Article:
Judge Rules Three LAPD Detectives Accused of Cover-Up Can Be Added as Defendants in Notorious B.I.G. Case

    LOS ANGELES, Nov. 26 /PRNewswire/ -- In a major victory for the family
 of murdered rap superstar Christopher Wallace (better known as the
 Notorious B.I.G.), U.S. District Court Judge Florence-Marie Cooper ruled
 today that Detectives Stanley Nalywaiko and Stuart Maislin of the Los
 Angeles Police Department's Risk Management Group, along with Detective
 Steven Katz, whose concealment of evidence led to a 2005 mistrial, can be
 added as defendants in the Wallace family's wrongful death lawsuit against
 the City of Los Angeles.
 
     As Judge Cooper noted in her ruling, the Wallace family has charged
 that "in their capacity as supervisors in the Risk Management Group,
 [Nalywaiko, Katz, and Maislin] failed to supervise or directly participated
 in the concealment of evidence in this case."
 
     The Wallace family's lead attorney, Perry R. Sanders, Jr., has long
 maintained that the case involved an LAPD cover-up. "Judge Cooper's ruling
 today gives the family a chance to prove to the world that police were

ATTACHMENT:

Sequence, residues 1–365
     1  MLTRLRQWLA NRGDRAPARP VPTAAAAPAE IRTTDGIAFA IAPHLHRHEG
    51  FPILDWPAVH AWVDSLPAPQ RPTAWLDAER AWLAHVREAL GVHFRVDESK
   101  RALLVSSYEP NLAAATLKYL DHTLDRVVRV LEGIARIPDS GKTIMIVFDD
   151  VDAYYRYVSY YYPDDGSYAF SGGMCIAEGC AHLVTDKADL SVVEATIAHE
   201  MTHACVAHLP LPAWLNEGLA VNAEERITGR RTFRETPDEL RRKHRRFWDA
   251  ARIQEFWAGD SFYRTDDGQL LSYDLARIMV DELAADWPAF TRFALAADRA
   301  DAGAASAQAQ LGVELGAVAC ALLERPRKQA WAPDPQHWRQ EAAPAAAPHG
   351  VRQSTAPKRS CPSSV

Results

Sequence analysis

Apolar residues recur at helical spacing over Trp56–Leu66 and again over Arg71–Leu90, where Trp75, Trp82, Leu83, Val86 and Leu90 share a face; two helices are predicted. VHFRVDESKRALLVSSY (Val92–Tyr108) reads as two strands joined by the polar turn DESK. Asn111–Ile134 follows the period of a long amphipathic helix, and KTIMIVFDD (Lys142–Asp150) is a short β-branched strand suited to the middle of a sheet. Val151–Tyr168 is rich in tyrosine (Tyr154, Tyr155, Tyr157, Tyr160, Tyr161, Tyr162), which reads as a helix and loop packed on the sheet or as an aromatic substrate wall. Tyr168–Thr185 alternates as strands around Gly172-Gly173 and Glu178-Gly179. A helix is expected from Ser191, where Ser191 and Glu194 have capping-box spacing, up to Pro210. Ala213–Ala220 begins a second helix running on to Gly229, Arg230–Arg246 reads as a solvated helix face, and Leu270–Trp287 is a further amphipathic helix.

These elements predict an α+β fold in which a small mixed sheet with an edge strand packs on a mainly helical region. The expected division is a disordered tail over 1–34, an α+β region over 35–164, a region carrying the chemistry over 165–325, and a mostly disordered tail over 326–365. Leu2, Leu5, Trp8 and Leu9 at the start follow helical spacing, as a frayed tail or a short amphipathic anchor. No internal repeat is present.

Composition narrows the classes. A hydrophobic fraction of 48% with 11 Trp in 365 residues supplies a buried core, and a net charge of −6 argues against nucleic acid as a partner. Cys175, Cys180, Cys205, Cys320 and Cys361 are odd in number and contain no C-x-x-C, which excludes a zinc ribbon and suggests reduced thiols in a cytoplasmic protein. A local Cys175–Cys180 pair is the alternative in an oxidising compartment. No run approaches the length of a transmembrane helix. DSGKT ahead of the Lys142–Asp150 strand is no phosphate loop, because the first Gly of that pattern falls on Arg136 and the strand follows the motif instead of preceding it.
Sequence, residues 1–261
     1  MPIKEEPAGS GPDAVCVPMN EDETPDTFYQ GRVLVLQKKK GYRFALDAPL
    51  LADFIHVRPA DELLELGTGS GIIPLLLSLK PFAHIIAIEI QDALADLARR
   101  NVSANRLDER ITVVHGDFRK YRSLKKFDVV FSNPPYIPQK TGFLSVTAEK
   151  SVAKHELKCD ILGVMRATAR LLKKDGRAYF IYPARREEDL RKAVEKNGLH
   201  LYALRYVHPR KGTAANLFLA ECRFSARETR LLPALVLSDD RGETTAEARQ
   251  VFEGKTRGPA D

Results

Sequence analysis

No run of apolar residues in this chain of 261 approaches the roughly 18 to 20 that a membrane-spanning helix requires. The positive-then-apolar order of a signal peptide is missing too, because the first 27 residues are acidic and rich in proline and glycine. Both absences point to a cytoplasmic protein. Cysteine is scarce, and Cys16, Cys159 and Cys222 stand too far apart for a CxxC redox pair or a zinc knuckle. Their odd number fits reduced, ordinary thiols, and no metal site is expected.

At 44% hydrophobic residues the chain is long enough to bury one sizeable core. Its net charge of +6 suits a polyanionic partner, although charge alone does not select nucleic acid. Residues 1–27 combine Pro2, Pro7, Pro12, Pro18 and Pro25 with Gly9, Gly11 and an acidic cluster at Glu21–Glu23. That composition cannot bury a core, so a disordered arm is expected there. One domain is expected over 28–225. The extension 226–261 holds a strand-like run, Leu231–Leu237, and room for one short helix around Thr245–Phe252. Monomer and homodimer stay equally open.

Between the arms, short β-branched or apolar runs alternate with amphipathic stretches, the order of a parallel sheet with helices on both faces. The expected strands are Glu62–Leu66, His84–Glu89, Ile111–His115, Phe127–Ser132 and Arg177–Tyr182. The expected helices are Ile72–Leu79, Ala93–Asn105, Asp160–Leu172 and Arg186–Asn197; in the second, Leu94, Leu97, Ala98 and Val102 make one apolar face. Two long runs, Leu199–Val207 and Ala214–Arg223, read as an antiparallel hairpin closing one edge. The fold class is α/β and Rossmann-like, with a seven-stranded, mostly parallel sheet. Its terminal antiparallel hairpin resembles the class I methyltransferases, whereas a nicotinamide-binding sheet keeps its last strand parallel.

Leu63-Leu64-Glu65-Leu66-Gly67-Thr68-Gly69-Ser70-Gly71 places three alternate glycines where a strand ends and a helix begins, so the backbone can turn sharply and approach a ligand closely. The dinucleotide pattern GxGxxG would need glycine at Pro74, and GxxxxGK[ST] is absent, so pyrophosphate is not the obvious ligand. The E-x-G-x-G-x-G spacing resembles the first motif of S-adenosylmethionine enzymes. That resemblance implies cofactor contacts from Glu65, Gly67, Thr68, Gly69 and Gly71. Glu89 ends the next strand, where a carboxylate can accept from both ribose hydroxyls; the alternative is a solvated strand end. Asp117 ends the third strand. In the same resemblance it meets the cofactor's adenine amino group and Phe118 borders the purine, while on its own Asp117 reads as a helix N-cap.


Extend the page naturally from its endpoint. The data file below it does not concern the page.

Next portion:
involved in the murder -- and that high officials have covered up for those
 officers," Sanders said. "The family is extremely pleased to have the
 opportunity to hold accountable some of the key the people involved in the
 cover-up."
 
     In 2005, Judge Cooper declared a mistrial in the Wallace case after
 finding that Detective Katz hid statements linking the killing of
 Christopher Wallace to rogue cops David A. Mack and Rafael Perez. Noting
 that "the attempted concealment of evidence and failure to respond to
 officer wrongdoing is a central issue in this case" -- and that such
 evidence did not come to light until "after the 2005 mistrial" -- Judge
 Cooper said there was no reason not to grant the family's request to amend
 its lawsuit to add the three detectives as defendants.
 
     In her 11-page ruling, Judge Cooper denied on technical grounds the
 Wallace family's request also to add other defendants, noting that separate
 suits could be brought against those individuals. Said Sanders: "The
 prosecution of criminals should be the job of the police. The victim's
 family is trying to hold the LAPD accountable for facilitating crime and
 then covering it up -- and they hope this will be the only lawsuit they
 ever need to bring to a conclusion."
 
 
 

SOURCE Estate of Christopher Wallace

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